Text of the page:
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Opa Magic Time album cover
3.34 | 16 ratings | 1 reviews | 25% 5 stars

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Studio Album, released in 1977

Songs / Tracks Listing

1-Mind Projects (5:58)
2-Camino (7:26)
3-La Cumbia de Andrés (4:40)
4-Montevideo (8:37)
5-Malisimo (8:26)

Total Time 35:10

Line-up / Musicians

Hugo Fattoruso : Keyboards and Vocals
Jorge Fattoruso : Drums
Hugo "Ringo" Thielmann : Bass
Rubén Rada : Percussion and Vocals

Barry Finnerty : Guitar
Airto Moreira : Percussion
Flora Purim : Vocals

Thanks to The Quiet One for the addition
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OPA Magic Time ratings distribution

(16 ratings)
Essential: a masterpiece of progressive rock music(25%)
Excellent addition to any prog rock music collection(31%)
Good, but non-essential (38%)
Collectors/fans only (6%)
Poor. Only for completionists (0%)

OPA Magic Time reviews

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Collaborators/Experts Reviews

Review by octopus-4
SPECIAL COLLABORATOR RIO/Avant/Zeuhl,Neo & Post/Math Teams
3 stars Fusion from South America is not unusual. OPA is from Uruguay and this is their second album, released in the middle of the 70s, more or less when the most famous fusion band was WEATHER REPORT. But of course there are also a lot of traditional influences in their music, coming from both the sides of the Andes.

The album is opened by tribal percussion and a synth mimic of Pan flute, but after the intro the opening track changes drastically several times. it goes pop, then close to neo-prog until a proper fusion section arrives. It's when the singer shows his huge vocal skills reminding to Demetrio STRATOS. The track ends with a ridicolous choir repeating "rock and roll" which seems inspired by Frank ZAPPA.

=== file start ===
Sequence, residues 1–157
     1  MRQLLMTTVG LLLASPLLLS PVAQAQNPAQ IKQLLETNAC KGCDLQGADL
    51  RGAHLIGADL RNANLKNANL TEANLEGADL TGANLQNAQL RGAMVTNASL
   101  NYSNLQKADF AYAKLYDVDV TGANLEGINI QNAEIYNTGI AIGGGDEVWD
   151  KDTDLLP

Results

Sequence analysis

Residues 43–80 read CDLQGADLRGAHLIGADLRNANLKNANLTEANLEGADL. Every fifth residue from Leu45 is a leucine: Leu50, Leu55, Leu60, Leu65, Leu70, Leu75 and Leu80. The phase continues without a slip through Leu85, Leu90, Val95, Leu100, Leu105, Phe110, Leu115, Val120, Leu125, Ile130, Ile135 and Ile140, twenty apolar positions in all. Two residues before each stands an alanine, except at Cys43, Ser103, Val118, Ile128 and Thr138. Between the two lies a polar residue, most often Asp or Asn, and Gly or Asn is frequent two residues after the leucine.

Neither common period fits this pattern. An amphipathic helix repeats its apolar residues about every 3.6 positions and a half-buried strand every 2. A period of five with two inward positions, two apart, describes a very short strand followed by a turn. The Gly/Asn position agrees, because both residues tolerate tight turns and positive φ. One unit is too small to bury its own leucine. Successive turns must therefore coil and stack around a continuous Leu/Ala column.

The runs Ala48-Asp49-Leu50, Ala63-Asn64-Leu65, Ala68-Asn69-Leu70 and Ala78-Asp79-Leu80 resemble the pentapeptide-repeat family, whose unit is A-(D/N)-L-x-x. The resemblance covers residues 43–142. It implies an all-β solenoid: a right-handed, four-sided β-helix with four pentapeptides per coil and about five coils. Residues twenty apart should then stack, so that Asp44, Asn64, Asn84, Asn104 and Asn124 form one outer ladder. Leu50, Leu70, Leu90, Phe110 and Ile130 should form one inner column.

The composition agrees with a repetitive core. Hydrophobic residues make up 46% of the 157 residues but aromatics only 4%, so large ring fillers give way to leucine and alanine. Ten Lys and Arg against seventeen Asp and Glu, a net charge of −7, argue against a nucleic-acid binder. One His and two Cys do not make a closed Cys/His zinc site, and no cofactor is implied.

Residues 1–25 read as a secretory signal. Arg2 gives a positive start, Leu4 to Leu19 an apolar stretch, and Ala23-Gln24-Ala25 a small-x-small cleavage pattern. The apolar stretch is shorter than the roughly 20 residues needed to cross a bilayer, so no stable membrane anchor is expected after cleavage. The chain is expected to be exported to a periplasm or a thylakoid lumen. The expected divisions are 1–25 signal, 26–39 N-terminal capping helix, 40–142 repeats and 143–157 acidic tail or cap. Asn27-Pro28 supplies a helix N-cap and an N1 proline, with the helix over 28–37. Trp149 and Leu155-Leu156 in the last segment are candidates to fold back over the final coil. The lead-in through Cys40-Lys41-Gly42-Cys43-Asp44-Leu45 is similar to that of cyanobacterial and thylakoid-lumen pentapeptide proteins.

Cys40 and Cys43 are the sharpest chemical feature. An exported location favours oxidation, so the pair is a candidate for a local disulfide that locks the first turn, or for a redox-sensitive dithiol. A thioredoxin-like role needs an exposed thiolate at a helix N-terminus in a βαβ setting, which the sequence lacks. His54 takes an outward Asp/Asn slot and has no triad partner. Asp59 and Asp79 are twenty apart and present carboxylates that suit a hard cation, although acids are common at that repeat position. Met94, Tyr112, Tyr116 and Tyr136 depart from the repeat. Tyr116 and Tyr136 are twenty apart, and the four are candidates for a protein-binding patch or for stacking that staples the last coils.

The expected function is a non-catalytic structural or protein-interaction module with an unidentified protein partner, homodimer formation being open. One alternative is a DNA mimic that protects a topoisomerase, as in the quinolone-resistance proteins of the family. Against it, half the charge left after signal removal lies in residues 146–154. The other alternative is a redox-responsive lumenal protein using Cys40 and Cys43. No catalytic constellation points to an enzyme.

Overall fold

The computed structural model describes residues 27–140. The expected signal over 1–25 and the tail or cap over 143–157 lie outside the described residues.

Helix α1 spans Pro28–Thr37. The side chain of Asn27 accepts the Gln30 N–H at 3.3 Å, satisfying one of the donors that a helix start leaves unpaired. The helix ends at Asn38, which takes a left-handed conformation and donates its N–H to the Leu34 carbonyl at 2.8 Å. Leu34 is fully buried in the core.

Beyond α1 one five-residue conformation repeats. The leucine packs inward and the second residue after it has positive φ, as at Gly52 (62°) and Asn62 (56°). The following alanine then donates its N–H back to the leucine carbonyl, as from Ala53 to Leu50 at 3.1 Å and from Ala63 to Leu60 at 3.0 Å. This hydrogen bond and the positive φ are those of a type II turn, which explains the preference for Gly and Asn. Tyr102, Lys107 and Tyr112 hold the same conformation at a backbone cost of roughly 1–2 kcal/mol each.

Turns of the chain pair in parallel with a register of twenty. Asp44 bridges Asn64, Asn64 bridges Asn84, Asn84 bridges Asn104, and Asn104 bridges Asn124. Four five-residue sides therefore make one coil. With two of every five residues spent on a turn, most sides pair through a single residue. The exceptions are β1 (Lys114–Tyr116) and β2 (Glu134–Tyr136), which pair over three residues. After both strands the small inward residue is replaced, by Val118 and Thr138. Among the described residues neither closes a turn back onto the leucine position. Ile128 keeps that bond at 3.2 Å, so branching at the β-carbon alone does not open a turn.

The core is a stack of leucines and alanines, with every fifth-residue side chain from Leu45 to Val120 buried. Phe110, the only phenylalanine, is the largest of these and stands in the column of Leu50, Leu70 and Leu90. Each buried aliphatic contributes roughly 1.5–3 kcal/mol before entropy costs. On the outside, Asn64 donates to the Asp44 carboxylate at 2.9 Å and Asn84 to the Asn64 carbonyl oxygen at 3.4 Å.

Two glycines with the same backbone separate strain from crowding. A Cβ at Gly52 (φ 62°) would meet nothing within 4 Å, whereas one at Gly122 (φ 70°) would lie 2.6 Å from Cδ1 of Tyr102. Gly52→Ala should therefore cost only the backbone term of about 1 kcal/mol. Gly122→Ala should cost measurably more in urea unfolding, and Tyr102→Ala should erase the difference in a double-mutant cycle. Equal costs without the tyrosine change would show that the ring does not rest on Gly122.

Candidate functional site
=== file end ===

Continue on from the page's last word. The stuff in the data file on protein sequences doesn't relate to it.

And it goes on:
It was in the Weather Report years, and the second track sounds similar to them, but the lead vocals, quite high- pithced, bring Al JARREAU to mind. It's a slow jazzy song, also this with some sudden changes, but not as much as the first.

Another vocal exercize on a samba tune mainly based on percussion. It's still in the vein of the Zawinul's band. The vocalist is the highligth, here.

My favorite album track: Montevideo, dedicated to their capital city. The reference here is the jazz of Pat METHENY. 8 minutes of light fusion including some comebacks of sounds from the previous tracks.

The last track is very melodic with electric piano and voice. The keyboard sounds quite weird. It's a typical 70s sound, pre-Yamaha DX7 I'd say, in the instrumental interludes. It's a very interesting song whit the sung parts very melodic alternated with instrumental parts on which the keyboardist had likely some fun. Unfortunately the last minutes of this track give the impression of an unneeded filler.

Anyway, it's a good jazz/fusion album from Uruguay. The B side in particular.

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